Thursday 21 September 2017

Historic day as legislation is signed to allow same-sex couples to get married

Minister for Justice and Equality Frances Fitzgerald TD Tánaiste Joan Burton TD at Dublin Castle during a signing of the commencement order for the Marriage Act 2015 which will enable same-sex couples to marry in Ireland
Minister for Justice and Equality Frances Fitzgerald TD Tánaiste Joan Burton TD at Dublin Castle during a signing of the commencement order for the Marriage Act 2015 which will enable same-sex couples to marry in Ireland
Justice Minister Francis Fitzgerald and Tanaiste Joan Burton in Dublin Castle to enact the Marriage Act
Newsreader Aengus Mac Grianna (centre) and partner Terry Gill (left) applaud

Adam Cullen and Mark O'Regan

The applause lasted longer than it took to sign it in to law.

More than 20 years after homosexuality was decriminalised, same-sex couples can legally marry in Ireland from next Monday - paving the way for a high number of Christmas weddings.

The commencement order for the Marriage Act 2015 was signed yesterday by Justice Minister Frances Fitzgerald in Dublin Castle.

The historic event was ushered into law behind the backdrop of a minute-long thunderous applause and a standing ovation from the 300-strong crowd who had gathered for the occasion.

It is seen as one of the most dramatic legal changes as regards family life in the history of the state. Accompanying regulation - the 2004 Civil Registration Act - was also signed by Tánaiste Joan Burton.

It means thousands of gay couples can now marry in a matter of days.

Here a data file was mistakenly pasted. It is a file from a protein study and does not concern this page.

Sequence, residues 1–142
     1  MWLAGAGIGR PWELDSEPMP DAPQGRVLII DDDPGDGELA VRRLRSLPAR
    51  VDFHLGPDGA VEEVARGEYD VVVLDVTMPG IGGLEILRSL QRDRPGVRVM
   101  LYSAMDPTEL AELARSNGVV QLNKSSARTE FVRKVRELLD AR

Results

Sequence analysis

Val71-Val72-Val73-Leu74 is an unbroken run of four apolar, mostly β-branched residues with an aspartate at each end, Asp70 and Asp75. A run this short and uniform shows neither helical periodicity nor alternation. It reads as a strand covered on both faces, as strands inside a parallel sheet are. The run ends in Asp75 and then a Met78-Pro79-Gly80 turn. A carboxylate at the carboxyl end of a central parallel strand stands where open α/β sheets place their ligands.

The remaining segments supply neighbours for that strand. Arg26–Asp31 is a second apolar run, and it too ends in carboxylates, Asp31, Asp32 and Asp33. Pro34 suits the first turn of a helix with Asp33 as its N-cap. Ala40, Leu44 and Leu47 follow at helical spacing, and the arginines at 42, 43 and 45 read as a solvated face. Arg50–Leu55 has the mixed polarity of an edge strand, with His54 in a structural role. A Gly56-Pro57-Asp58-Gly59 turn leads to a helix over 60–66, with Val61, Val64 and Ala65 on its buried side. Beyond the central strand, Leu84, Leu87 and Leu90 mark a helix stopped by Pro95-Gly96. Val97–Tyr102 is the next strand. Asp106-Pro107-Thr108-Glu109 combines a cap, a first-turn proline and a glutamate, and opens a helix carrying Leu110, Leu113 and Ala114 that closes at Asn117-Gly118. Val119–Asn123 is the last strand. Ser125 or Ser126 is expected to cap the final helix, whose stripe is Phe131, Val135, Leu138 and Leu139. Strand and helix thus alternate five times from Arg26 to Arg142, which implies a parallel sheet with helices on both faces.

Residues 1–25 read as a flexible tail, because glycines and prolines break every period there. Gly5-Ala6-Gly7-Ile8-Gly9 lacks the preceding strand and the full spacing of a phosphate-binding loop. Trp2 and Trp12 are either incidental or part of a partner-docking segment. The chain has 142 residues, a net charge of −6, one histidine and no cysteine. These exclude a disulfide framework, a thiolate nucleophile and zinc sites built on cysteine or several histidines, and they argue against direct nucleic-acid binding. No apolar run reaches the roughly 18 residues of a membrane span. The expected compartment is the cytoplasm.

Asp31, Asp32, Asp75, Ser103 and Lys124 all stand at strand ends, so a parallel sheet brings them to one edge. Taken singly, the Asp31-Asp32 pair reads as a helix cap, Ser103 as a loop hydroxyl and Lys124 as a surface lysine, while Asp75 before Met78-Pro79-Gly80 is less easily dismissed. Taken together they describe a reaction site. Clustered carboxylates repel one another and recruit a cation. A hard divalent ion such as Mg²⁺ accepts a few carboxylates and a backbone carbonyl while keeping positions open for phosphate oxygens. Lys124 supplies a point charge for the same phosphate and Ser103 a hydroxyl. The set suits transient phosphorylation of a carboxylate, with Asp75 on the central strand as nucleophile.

Ms Burton said no words could do justice to her feelings following the "historic occasion".

"After so much hard work, this now makes marriage a reality for so many LGBT couples," she said.

Justice Minister Francis Fitzgerald said the event marked the end of the "journey to equality that was taken by the whole nation".

"The Irish people blazed a trail on May 22nd 2015 when they became the first sovereign people to choose marriage equality by popular vote," she said.

"It is a pleasure to sign this order in the company of some of the couples who will be able to marry in the coming weeks and months.

"The Marriage Act has profound symbolic importance, but will also have a real and tangible impact on their family life," she added.

Immediately after the referendum was passed six months ago, officials from the General Register Office began contacting same-sex partners who had booked civil partnerships to ask if they wished to proceed as planned or convert it to a formal wedding ceremony.

Each couple then provided the Register with a 'notice to marry' if they so wished.

Those who married in foreign jurisdictions before the referendum will also have their union recognised under Irish law.

Speaking afterwards, an emotional Bill Hughes said it was an amazing feeling that he and his partner of 18-years Gary Hodgkinson can finally wed.

"I still can't believe it. I still can't believe this is the Ireland we have grown up in," said the radio presenter and TV producer.

Davin Roche, of Gay Lesbian Equality Network (GLEN), said added: "It marks the end of a long legal journey."

Irish Independent

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